College marks $46.2M for 2010-11 fin. aid

As part of the recently approved $205 million budget for the 2010-11 fiscal year, Williams College has earmarked an increase of approximately $2.5 million for financial aid for a total financial aid budget of $46.2 million. Although many departments will experience budget cuts in 2010-11, the $2.5 million is part of a $4 million increase was allocated to cover financial aid increases and a 2 percent employee salary increase (“College announces $205M budget,” April 21).

According to Provost Bill Lenhart, the College uses a predictive model to estimate financial aid spending for each upcoming academic year. The Office of the Provost and Treasurer looks at financial aid spending for the current rising classes and the estimated financial aid spending for the incoming first-years, and only presents a final financial aid budget to the Board of Trustees in September.

Currently, the financial aid office is working on reviewing the financial aid grants for returning students this week, and expects to mail out financial aid awards in the first week of May. Boyer added that the College will continue to cover whatever the financial aid needs of each student are, despite tough budgetary times.

The $2.5 million increase will add to a $4 million increase in the financial aid budget for the current academic year, which came to $43.7 million. Boyer said that about half of the increased spending in this 2009-10 budget was a natural growth due to the $2350 increase in tuition, room and board fees with the other half resulting from an additional 82 financial aid applicants last year.

For the students receiving financial aid whose parent contribution rates remain stable, the comprehensive fee increase automatically increases the scholarship money that the College awards. Boyer also stated that for families who did not previously receive financial aid, but suddenly have another child in college, the fee increase often slides them into the financial aid qualifying range.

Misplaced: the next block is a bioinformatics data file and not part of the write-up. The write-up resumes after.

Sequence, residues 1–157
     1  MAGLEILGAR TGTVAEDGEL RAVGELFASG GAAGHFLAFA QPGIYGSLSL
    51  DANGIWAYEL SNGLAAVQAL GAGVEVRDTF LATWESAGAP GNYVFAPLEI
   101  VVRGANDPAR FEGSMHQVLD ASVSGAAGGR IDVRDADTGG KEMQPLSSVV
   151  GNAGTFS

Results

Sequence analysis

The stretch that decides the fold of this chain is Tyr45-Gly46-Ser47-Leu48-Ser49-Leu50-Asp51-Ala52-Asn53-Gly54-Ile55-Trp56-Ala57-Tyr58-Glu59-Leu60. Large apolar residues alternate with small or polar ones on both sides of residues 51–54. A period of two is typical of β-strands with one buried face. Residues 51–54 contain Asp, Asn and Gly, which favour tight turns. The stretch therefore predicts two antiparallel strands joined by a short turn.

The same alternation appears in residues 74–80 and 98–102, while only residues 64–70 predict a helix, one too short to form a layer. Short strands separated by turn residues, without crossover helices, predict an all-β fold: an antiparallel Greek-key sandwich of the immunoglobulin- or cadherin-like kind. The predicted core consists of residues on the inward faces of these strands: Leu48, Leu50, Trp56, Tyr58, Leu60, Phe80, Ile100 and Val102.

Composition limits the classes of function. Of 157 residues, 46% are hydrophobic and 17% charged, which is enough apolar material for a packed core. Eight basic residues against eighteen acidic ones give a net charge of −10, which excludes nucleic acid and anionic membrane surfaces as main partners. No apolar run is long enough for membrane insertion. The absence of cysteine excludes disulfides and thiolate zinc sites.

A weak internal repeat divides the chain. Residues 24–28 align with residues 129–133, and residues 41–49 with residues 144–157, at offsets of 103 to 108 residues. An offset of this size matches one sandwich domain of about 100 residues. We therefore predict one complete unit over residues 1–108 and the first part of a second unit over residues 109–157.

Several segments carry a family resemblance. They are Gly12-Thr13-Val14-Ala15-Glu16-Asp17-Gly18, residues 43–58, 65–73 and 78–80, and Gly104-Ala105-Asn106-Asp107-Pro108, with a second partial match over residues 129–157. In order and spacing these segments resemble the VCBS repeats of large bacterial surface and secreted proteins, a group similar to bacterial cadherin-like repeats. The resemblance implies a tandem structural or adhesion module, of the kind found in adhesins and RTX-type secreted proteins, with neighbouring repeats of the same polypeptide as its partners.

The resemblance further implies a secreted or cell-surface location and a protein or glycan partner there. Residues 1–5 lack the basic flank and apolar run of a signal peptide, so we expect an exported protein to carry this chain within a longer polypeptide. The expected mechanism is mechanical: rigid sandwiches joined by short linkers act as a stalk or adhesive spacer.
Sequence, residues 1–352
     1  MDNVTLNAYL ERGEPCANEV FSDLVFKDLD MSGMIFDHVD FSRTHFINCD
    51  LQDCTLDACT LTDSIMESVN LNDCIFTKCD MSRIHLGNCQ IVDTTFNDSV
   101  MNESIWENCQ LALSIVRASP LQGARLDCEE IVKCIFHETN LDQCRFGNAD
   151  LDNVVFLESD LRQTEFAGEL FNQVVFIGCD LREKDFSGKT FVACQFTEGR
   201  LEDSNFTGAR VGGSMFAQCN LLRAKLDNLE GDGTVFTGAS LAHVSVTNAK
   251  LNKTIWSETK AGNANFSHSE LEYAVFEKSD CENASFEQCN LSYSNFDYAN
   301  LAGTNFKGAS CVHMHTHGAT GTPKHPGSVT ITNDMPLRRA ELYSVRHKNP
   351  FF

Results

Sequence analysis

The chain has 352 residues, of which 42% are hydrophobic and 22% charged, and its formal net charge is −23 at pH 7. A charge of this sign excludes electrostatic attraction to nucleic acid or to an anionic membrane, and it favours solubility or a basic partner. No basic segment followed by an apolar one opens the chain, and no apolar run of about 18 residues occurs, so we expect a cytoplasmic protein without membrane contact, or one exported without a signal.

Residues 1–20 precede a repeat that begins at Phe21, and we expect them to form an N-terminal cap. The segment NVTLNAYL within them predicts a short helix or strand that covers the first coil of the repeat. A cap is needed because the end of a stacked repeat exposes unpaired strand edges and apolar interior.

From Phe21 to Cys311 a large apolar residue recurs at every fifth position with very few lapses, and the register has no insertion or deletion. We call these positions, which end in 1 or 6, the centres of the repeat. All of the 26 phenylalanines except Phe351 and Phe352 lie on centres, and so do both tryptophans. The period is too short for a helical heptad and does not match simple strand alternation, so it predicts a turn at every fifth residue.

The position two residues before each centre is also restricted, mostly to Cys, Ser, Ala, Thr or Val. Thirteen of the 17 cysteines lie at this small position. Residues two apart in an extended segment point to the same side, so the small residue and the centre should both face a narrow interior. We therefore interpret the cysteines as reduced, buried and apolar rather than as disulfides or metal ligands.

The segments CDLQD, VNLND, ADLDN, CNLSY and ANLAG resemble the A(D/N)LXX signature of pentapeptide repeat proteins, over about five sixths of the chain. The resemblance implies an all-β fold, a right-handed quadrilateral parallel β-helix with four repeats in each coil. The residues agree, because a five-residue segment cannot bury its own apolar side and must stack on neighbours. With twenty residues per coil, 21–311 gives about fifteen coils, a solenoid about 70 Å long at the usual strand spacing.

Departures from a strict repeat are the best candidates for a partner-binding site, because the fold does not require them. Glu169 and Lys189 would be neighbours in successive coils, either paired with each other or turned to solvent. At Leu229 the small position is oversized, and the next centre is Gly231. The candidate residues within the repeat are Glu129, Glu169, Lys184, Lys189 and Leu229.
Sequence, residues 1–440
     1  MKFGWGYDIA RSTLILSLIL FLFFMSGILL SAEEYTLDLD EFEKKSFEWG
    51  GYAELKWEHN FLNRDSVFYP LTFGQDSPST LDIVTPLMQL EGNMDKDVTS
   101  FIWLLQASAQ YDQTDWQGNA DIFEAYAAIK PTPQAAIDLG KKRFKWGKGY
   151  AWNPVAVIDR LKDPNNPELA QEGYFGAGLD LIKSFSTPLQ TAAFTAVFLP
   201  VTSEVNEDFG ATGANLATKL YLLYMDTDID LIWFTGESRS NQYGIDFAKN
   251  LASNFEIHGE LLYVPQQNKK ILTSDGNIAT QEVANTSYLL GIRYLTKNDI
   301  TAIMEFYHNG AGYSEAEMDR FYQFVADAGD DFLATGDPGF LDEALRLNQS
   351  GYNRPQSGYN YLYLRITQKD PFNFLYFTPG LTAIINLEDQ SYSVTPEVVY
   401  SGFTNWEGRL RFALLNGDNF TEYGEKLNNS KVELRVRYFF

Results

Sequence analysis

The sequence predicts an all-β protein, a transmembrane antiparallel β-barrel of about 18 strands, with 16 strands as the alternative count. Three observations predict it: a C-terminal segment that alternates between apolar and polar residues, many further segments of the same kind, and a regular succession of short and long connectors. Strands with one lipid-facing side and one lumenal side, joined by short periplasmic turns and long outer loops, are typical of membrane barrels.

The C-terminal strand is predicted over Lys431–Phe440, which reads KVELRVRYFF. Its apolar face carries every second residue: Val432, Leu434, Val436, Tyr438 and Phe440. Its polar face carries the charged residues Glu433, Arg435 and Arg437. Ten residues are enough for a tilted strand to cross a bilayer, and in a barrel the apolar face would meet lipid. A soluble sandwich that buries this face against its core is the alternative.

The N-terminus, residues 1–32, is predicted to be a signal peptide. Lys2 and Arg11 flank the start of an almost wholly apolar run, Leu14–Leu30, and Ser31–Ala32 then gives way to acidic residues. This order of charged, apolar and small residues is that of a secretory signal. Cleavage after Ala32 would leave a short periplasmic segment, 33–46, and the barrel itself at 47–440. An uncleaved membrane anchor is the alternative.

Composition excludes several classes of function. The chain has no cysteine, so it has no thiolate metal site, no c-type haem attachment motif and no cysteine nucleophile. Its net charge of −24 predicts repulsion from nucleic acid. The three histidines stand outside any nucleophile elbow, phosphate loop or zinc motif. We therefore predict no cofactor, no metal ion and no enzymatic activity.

However, Boyer said that a large majority of the financial aid spending increase has resulted from the downturn in the national economy. In January of this year, the financial aid office saw the number of families requesting midyear reviews double. “That was really the signal for us that the economy was hurting our families,” Boyer said. “2009 incomes were definitely lower for more of our families than in 2008.”

The accepted members of the Class of 2014 do not have to commit to the College until May 1, but the financial aid office has already begun to get a sense of the incoming first-years’ need levels. “Most of the statistics we measure the applicant pool by for the Class of 2014 are a mirror image of the Class of 2013,” Boyer said. In looking at the 2010 incomes for members of the Class of 2014, Boyer added that those incomes do not look lower than the 2009 incomes. “We got a pretty positive feeling that maybe the economy isn’t getting worse,” Boyer said.

Although the financial aid office will not have specific information on 2010-11 grants until the fall, the increase in grants has been spread across families in all financial brackets. “The economy is really a concern from top to bottom,” Boyer said.